Everything Wrong with Conan Exiles -- and How to Fix It
It may have only just hit Early Access, but Conan Exiles is already riding high in the Steam charts. The open world survival game made news recently thanks to its, ahem, adjustable genital size and realistic jiggly physics in that area.
However, this serves only to distract from a more important discussion -- namely, how good is the actual game? Feedback so far has been mixed, but there have been several key annoyances that have been mentioned again and again by players, which Funcom would be wise to address.
Funcom has had multiple server issues. Not just small glitches, but big, game-breaking problems. Players have been disconnected, suffered extreme latency issues, and have generally been pulled through the wringer while trying to play the game.
<iframe src="//www.youtube.com/embed/He-88AHBidE" width="560" height="315" frameborder="0" allowfullscreen="allowfullscreen" />
To its credit, Funcom has held its hands up and stated that fixing these problems is a priority. And rightly so -- without the stable foundation needed for a game as pretty as this, Funcom may as well write off the entire enterprise. SimCity and the demise of Maxis can attest to that.
If you play Conan Exiles as a solo player, you’re going to be at an almost immediate disadvantage to those who choose to join a clan. Working together to take down mobs, gain experience, build up your character and get better gear -- all of it is far, far simpler to achieve than if you played alone.
There doesn’t currently appear to be any benefit to being a solo player, and there are a multitude of reasons to join a clan. We understand that this is a multiplayer game, but not everyone is drawn to signing up with other people; it certainly shouldn’t put you at a disadvantage if you choose not to.
Furthermore, there appears to be no way of protecting the bases you build if you take a break from the game. For casual players who want to dip in and out every other week, you’ll likely end up rejoining and witnessing what remains of your base after its been smashed to pieces in your absence. Not all players want to be online every day -- these people should be considered too.
Currently, you can run around the world map in Conan Exiles, laying down the foundations for buildings and claiming huge swathes of land to the detriment of other players. This has understandably led to consternation from gamers who can’t get a foothold on the property ladder. Funcom actually addressed this directly in a recent Reddit AMA stating:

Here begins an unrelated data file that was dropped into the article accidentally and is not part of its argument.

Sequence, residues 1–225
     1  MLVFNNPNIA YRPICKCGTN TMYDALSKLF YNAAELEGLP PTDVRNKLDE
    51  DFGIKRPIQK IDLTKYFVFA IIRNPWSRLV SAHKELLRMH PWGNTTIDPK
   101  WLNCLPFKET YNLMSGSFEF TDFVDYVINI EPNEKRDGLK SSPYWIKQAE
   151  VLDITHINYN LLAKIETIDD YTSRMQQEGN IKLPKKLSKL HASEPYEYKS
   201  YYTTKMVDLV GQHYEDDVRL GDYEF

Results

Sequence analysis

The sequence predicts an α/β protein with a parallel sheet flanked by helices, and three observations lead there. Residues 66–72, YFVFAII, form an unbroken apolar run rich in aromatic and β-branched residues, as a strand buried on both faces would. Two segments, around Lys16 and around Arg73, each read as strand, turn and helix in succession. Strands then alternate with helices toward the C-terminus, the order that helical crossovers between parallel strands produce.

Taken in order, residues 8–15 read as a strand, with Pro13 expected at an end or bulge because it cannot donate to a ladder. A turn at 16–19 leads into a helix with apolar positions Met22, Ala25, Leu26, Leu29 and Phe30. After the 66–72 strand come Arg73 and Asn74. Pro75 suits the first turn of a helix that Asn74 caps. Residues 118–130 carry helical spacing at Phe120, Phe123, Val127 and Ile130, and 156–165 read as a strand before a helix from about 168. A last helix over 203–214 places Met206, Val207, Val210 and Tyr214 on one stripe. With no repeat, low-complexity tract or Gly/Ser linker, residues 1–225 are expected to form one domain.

We agree and we wanted to add a decay system before launch, we just never got there. Our decay system will be based on the building size - the larger the building size, the slower it decays. So random foundations will decay very quickly. We're also making it such that small placeable objects don't claim land but still respect land claim rules.
Hopefully we'll get to see this system implemented as planned. Otherwise players are going to find it easier to get a property in Miami Beach than in a virtual medieval world.
Many players have expressed dismay that fighting in Conan Exiles amounts to hammering the left mouse button until your enemy is dead. That may have been fine back in the days of Diablo and Titan Quest, but this isn’t an isometric action-RPG. It’s an open world game where your first-person perspective brings you right into the fray, and is therefore deserving of something a little more satisfying than a one-button attack.
Plenty of similar games have managed to offer half-decent fighting. Chivalry: Medieval Warfare is over four years old, but its combat system stands head and shoulders above Conan Exiles’. Again, this is something that Funcom acknowledged in the AMA, stating that they were considering light and heavy attacks, dodging, and also considering how bows and crossbows work. Combat is a huge part of the game, so if it turns people off from the outset, they are unlikely to return.
The fact that Conan Exiles is still in Early Access means that there is still time for a lot of these issues to be ironed out. It certainly looks the part, having fully embraced the medieval aesthetic and setting. But if Funcom wants to deliver an engaging, interesting experience that keeps pulling players back online -- no matter how many times per day, week or month -- they will need to make sure that they address these fundamental areas.
Are you playing Conan Exiles in Early Access? Are you enjoying the experience? What could be improved? Let us know in the comments!